by Michael Shane Neal, artist
Artist Bio: James Montgomery Flagg
James Montgomery Flagg, born in 1877 in Pelham Manor, New York, was enthusiastic about drawing from a young age and had illustrations accepted by national magazines by the age of 12 years. By 14 he was a contributing artist for Life magazine and the following year was on the staff of the magazine Judge.
He attended the Art Students League of New York and studied fine art in London and Paris from 1898 to 1900. Upon returning to the United States, he produced countless illustrations for books, magazine covers, political and humorous cartoons, advertising, and spot drawings.
He created his most famous work in 1917, a poster to encourage recruitment in the United States Army during World War I showing Uncle Sam pointing at the viewer with the caption “I Want YOU for the U.S. Army.” Over four million copies of the poster were printed during World War I, and it was revived for World War II.
At his peak, Flagg was reported to have been the highest-paid magazine illustrator in America. In 1946, Flagg published his autobiography Roses and Buckshot.
As an artist, having a sense of connection, a sense of where you come from, helps you identify where you are going. As the old saying goes, “if I have seen further, it is by standing on the shoulders of giants.” My relationship with my longtime friend and mentor artist Everett Raymond Kinstler has taught me so much, but nothing more important than reverence for the past and the artists who came before.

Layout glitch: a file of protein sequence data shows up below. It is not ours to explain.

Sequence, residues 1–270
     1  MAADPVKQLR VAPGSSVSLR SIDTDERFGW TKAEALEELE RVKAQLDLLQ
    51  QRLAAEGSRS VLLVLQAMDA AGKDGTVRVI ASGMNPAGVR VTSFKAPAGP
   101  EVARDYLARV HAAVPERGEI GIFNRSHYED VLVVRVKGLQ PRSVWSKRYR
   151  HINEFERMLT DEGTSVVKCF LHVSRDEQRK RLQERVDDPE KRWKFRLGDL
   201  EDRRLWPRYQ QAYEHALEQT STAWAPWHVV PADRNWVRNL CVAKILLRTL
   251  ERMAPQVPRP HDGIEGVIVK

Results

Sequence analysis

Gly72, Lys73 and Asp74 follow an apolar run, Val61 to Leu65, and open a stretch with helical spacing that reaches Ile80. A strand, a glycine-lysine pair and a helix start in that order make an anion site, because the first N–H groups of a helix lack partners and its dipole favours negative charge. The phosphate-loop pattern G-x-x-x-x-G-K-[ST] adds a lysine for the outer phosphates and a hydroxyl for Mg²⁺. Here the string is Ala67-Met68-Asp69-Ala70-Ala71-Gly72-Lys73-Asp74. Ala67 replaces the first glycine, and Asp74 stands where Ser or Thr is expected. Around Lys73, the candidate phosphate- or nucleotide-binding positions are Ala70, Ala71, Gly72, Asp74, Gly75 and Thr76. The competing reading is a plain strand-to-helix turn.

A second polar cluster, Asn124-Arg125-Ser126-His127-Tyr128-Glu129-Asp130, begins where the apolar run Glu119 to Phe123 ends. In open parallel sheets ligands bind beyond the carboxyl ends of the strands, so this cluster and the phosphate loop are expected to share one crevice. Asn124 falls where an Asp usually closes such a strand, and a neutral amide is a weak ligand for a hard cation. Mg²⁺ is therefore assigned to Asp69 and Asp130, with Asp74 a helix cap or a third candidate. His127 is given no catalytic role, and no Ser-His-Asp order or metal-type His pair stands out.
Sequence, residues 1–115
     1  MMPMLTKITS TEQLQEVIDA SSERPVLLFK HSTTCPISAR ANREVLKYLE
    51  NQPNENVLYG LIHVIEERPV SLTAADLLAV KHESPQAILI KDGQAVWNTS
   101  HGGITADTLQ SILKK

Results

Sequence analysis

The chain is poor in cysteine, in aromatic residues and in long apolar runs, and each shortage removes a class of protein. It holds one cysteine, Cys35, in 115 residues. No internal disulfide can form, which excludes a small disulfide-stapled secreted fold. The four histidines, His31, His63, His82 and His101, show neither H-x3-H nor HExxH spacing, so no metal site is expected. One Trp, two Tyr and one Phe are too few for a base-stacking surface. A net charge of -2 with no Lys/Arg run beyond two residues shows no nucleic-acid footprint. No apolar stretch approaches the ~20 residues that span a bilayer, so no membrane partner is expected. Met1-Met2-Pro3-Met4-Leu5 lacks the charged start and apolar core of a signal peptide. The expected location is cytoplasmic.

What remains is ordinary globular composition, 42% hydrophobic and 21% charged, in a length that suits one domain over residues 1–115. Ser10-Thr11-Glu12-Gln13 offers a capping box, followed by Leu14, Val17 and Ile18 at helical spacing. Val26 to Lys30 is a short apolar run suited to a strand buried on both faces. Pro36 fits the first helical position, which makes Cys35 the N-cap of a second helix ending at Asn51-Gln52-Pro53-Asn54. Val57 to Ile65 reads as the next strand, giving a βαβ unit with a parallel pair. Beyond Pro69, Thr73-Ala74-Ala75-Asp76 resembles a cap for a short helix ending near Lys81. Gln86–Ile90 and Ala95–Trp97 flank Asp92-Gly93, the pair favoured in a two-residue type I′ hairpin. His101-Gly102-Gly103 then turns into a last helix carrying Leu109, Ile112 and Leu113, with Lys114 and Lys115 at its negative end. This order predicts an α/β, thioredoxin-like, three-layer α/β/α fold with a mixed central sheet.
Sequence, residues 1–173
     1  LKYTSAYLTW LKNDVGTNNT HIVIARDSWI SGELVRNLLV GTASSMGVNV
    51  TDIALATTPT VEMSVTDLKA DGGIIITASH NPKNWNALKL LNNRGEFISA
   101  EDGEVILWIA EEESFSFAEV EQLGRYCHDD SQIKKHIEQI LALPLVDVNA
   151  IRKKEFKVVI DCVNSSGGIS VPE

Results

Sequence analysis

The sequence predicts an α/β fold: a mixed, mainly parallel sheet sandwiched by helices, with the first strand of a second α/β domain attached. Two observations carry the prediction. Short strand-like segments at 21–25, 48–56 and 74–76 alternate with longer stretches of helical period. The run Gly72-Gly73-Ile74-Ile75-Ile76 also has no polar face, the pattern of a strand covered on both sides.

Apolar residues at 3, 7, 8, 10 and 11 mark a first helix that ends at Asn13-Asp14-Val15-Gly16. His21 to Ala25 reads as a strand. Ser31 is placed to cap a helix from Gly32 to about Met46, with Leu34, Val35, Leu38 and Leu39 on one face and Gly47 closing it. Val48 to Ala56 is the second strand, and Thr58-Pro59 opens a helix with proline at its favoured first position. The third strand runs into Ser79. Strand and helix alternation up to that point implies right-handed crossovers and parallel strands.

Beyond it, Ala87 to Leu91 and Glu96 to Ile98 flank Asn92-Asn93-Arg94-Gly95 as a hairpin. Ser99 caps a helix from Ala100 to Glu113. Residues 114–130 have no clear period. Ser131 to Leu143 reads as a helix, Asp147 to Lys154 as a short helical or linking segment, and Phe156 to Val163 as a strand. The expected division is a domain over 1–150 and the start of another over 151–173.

One of those giants of the past was artist James Montgomery Flagg (1877–1960). A mentor of Kinstler’s, Flagg impacted the world of illustration and arguably helped save the world as we know it. His name is not as familiar to us now, but his painting of Uncle Sam’s I Want YOU for the US Army created in 1917 inspired a generation of people and helped win a world war.
This piece by Flagg is a favorite from my collection. Given to Kinstler by Flagg and then given to me by Kinstler, it is a watercolor on paper, painted for a magazine cover circa 1910. It flows with confidence. Flagg’s elegant, sure, and prolific brush moves effortlessly across paper. The simplicity and beauty of the model, windblown veil, and red dress immediately draw your eyes to the model. Securely fastened to the left portion of the composition, she seems to slip just into our field of view. The work is so simple yet so moving, both in subject and the artist’s virtuosity.
Flagg also painted portraits, authored many books, and wrote, acted in, and produced many silent films. The news of his death in 1960 was on the front pages of newspapers nationally, and his obituary filled two full pages in Time magazine under National Affairs.
For more information about Michael Shane Neal, visit www.michaelshaneneal.com.